Annual Meeting Reports

How to Communicate with the Media… and Stay Out of Trouble

Today’s mass-media landscape is notably different from that of even 10 short years ago. The proliferation of news outlets and the 24/7 news cycle offer more opportunities for distribution of news and other information. And even when people don’t entirely understand it, they like to hear about science and medical news. Yet the increase in opportunities means that the level of “background noise”, which was always deafening, is now extremely high, and it can be difficult for your news to break through to the top. Furthermore, researchers may be ambivalent about having their work covered, fearing that their views will be distorted. Thus, having a strategy for disseminating scientific information from your journal, institution, or press office is important.

Communication scenarios have three basic formats: breaking researching news, expert commentary, and crisis communication. We should always answer reporters’ calls, but asking about the available time frame can help to determine who should be the spokesperson and how soon the interview should occur. In a crisis, there are five rules: tell it all, tell it first, tell the truth, tell it calmly, and tell it fast, particularly if a public-health emergency is involved.

Keep in mind that scientists and reporters communicate differently. Scientists begin with background, proceed to supporting evidence, and then arrive at results and conclusions. Often, they are unaccustomed to speaking with the news media about their work, and they need guidance and training (which need not be expensive or time consuming).

Reporters first want the punch line, followed by the “so what?” and then the supporting details. They’re looking for clear, compelling, and concise information, including images and multimedia resources. In fact, the more images available, the better, in that different images may be used for print, television, and the Web. Reporters aim to maximize the audience, explain the science without overselling, and move on. The journal, institution, or press office can help by coordinating interviews, establishing trust, knowing reporters’ fields of interest, and being a source of background material for additional viewpoints. Providing easy access to the researcher is essential.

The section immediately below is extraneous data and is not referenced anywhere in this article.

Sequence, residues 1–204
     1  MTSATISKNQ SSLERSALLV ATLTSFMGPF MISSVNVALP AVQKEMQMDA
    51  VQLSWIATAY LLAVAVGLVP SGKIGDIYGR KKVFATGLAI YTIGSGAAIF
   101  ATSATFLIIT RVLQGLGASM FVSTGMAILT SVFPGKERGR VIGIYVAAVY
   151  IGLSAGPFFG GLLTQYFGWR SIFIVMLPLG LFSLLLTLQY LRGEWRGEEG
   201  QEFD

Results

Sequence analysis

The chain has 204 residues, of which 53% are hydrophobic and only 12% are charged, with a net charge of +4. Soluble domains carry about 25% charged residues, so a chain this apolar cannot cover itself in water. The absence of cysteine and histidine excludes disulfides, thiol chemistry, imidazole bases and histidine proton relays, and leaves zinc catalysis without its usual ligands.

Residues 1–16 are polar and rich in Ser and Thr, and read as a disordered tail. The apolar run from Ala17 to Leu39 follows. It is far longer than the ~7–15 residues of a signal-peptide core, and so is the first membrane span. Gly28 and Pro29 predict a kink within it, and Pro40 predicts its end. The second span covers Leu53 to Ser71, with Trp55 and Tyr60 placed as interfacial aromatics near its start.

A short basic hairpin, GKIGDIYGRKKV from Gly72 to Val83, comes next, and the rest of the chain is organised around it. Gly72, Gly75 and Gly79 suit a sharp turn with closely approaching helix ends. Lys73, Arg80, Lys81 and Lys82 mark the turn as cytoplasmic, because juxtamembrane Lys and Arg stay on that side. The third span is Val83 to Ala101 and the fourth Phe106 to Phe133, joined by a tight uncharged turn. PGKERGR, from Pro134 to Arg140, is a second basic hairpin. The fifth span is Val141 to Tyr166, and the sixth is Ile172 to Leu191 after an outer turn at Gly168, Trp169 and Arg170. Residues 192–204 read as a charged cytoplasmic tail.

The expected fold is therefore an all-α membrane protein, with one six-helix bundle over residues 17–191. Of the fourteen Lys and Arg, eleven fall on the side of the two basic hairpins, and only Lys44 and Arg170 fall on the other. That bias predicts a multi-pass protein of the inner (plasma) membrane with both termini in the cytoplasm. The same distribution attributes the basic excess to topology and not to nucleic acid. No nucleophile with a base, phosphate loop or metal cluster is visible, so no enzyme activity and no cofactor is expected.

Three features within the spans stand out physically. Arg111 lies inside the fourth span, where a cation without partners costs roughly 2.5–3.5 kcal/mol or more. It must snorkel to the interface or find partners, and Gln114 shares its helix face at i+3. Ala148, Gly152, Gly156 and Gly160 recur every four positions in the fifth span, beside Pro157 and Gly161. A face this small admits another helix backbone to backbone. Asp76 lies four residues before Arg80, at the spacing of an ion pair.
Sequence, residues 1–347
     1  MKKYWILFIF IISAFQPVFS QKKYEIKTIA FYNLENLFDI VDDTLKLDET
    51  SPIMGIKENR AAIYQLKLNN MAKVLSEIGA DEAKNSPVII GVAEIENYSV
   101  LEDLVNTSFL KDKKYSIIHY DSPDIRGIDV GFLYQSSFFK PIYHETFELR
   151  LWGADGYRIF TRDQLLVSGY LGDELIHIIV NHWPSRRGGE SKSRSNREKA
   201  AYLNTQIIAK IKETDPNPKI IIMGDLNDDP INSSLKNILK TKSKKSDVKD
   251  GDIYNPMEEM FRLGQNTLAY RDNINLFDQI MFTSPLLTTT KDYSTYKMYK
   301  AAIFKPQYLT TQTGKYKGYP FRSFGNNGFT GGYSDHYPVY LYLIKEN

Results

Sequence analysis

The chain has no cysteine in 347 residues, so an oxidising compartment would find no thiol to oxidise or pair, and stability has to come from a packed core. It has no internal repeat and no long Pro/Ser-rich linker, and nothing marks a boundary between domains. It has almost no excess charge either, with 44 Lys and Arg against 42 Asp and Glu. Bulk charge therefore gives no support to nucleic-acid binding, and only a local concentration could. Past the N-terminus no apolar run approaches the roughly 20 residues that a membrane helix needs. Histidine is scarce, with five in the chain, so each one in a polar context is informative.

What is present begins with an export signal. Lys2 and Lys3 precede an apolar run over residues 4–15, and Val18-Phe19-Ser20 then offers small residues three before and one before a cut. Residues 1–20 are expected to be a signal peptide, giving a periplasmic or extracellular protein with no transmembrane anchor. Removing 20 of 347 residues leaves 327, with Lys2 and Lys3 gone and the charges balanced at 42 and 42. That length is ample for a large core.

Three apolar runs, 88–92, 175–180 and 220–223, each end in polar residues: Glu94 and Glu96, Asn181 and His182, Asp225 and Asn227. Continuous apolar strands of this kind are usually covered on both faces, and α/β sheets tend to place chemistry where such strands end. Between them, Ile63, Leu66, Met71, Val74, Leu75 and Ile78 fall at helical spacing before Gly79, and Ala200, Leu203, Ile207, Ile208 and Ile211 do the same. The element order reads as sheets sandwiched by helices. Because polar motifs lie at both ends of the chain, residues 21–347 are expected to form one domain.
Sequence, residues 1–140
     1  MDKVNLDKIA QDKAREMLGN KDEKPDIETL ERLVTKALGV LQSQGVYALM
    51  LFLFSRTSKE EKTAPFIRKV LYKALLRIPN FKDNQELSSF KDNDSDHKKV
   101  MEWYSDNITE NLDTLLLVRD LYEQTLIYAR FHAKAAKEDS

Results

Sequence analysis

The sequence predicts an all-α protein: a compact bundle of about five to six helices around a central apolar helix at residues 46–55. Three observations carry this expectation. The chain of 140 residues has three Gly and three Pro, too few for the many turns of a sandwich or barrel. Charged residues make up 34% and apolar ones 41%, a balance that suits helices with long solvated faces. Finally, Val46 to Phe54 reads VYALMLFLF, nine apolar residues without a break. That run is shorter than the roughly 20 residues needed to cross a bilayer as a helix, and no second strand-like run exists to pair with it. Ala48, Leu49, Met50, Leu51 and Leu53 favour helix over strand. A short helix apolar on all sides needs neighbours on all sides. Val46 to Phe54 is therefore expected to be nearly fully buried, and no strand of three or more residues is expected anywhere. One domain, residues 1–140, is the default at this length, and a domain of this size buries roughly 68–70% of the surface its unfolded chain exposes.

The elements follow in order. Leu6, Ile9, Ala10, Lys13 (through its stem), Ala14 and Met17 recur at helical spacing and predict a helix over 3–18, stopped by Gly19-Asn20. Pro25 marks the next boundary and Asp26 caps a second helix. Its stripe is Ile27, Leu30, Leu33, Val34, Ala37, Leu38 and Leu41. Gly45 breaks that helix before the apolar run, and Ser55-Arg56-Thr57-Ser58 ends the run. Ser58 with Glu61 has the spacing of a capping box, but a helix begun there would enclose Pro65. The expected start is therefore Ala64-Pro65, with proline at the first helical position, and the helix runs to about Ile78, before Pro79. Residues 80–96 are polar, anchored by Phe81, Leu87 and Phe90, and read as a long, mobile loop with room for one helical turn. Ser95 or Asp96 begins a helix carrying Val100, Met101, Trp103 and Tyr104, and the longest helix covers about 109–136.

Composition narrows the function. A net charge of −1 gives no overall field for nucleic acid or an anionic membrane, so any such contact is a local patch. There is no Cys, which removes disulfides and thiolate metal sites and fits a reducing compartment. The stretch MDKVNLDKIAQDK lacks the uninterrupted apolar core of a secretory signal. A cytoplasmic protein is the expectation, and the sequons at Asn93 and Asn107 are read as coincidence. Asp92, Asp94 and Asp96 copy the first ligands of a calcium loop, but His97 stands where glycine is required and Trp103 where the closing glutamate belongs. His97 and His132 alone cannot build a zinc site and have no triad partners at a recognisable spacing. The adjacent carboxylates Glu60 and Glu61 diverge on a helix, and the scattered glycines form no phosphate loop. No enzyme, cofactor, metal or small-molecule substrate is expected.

Once the spokesperson (often the primary author) is identified, he or she should write down and rehearse three key messages to be conveyed and memorize relevant facts, examples, and anecdotes. When challenged by inaccurate statements, bridge back to the three key messages (for example, “I’d like to talk about . . .”). Avoiding the repetition of inaccurate statements can help focus attention on accurate information.

Training scientists to communicate effectively with the public is particularly urgent in Africa, where a malaria vaccine is beginning phase III trials. The researchers involved have been taught how to talk appropriately with various audiences (such as government officials, policy makers, and the public) about why the vaccine is so important. As always in science communication, the message is data driven. In the process, the scientists are showing the world that African researchers can conduct first-rate science, which will be important for future efforts in related fields.

When the mass media present a story inaccurately, certainly we’re disappointed, but we must put the problem into the context of the overall coverage. Thinking ahead to possible misinterpretations of the material can be helpful; and by learning from a mistake, perhaps we can avoid the same problem in the future. To prevent such problems, know your sources, be transparent, and be consistent in your treatment of all mass-media organizations. Arguing with a reporter and writing a letter to the editor only draw more attention to the error and are not recommended.

When everything works perfectly, the researchers and the news media discuss the story at appropriate length, the reporters have the time to write an accurate description, and the public is informed. As Stephen Jay Gould noted, “Part of the art of any kind of total scholarship is to say it well.”